Master's in Computer Science for Non-Majors

master's degree graphic

Request Information
Apply Online

New for the fall 2015 semester, the Master of Arts (former Post-Baccalaureate Program) in Computer Science program offers students with a background in liberal arts or science the skills they need to make a career change into the thriving computer industry.

Designed for non-computer science majors, this high-demand degree offers:

  • A flexible, 12-course program that can be completed in two years (4 semesters)
  • A wide range of electives for individualized learning
  • Research-driven faculty who are also dedicated mentors
  • A growing alumni network in both industry and academia
  • Access to the resources of a top-50 research institution
  • A solid foundation in key areas of computer science including algorithms, artificial intelligence, databases, and programming
  • Proximity to Boston's Route 128 (Boston's "technology highway") and Cambridge's thriving high-tech sector

Scholarships & Affordability

We are proud to offer substantial scholarships for students in this program. Scholarships are awarded at the time of admission. No separate application is required. Our financial aid, scholarships, and other funding opportunities help students to make the costs of graduate education affordable.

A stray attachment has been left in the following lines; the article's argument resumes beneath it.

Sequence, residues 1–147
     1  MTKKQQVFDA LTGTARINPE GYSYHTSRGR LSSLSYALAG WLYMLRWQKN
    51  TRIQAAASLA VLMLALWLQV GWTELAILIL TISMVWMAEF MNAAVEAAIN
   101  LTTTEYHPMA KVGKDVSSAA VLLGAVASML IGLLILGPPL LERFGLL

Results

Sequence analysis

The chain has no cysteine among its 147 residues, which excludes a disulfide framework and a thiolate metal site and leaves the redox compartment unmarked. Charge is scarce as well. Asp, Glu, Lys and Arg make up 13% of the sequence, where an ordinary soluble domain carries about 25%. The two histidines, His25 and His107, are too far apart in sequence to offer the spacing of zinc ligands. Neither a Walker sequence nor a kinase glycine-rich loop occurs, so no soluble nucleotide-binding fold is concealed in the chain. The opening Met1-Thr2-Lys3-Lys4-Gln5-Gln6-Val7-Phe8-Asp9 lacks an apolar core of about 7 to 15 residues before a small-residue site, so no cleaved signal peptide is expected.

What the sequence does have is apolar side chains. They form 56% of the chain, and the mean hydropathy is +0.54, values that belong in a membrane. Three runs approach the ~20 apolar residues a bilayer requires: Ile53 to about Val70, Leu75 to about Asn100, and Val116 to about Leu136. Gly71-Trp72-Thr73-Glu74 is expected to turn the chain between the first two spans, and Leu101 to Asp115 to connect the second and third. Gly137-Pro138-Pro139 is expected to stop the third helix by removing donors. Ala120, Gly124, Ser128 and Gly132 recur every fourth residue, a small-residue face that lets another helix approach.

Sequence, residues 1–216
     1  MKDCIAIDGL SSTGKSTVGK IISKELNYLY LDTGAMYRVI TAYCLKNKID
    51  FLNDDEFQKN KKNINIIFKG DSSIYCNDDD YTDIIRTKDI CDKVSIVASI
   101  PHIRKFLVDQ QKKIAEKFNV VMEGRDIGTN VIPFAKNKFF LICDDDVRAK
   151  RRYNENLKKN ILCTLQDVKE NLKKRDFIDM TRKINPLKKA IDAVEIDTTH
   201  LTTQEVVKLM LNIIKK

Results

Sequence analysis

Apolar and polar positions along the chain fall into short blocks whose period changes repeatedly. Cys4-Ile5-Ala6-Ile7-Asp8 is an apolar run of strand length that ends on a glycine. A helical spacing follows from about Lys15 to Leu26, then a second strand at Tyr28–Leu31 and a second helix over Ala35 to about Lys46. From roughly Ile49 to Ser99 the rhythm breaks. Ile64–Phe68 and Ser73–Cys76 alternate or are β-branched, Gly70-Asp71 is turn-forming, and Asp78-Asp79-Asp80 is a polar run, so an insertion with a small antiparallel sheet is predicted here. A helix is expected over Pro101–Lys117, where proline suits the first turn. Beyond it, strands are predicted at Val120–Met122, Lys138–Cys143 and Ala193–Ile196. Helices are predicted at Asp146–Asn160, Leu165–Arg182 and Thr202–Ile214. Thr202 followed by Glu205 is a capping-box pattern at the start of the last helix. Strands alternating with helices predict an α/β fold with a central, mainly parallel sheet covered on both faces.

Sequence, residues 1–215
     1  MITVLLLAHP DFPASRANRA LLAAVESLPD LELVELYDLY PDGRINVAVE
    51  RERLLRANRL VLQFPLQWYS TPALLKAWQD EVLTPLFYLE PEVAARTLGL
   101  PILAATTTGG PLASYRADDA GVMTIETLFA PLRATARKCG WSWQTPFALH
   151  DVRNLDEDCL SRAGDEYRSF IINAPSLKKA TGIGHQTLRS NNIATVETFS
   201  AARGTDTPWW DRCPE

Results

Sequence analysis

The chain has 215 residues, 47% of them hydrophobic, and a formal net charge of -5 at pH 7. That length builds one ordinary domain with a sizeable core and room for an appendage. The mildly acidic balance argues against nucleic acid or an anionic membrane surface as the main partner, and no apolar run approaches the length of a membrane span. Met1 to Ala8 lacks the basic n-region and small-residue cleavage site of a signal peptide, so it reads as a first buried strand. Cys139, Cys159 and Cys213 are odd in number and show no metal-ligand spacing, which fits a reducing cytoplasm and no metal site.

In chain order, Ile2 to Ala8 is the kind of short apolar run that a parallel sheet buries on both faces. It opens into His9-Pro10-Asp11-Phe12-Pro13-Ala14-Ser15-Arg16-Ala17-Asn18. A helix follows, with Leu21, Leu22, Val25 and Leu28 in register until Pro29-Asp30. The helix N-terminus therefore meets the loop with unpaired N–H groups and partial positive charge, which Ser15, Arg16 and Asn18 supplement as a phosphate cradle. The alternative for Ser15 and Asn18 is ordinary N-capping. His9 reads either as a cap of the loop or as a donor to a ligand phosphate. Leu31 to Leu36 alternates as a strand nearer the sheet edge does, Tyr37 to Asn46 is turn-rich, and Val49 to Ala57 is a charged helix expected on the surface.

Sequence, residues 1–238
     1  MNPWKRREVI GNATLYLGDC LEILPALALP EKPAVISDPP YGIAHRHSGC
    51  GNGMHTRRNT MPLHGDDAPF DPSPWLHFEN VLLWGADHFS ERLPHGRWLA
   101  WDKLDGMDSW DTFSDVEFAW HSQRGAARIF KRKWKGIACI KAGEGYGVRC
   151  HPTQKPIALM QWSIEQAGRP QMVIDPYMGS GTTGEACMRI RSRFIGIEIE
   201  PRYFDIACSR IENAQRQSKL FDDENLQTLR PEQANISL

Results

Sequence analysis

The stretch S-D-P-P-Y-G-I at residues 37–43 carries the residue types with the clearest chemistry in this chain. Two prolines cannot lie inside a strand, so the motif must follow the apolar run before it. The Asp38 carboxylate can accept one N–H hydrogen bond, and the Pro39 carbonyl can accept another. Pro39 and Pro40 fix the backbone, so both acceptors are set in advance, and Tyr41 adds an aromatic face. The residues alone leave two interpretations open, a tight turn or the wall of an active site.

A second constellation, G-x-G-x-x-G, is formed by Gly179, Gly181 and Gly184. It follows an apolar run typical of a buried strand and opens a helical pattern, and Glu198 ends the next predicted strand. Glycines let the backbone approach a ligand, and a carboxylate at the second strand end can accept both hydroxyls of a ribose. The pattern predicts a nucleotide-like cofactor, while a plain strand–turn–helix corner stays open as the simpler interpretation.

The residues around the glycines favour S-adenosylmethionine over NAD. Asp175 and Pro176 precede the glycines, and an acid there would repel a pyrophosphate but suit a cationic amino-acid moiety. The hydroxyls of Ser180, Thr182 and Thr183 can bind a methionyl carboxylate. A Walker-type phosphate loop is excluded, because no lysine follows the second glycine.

Students in the 2 year MA complete twelve courses, which include four core courses, 11a, 12b, 21a, and 29a, and eight electives in areas such as distributed computing, big data, machine learning, and computational linguistics.

A full list of the computer science courses offered this year can be found on the Registrars' Schedule of Classes. For information on all computer science courses, including the full description and frequency of offering for each course, as well as elective courses in related disciplines that are cross-listed, please see the Brandeis University Bulletin Computer Science section, under "Courses of Instruction". Faculty mentors assist students with selecting courses related to students' interests.


Computer science alumni work in software engineering, bioinformatics, robotics, finance, and other fields, or have pursued doctoral degrees in computer science.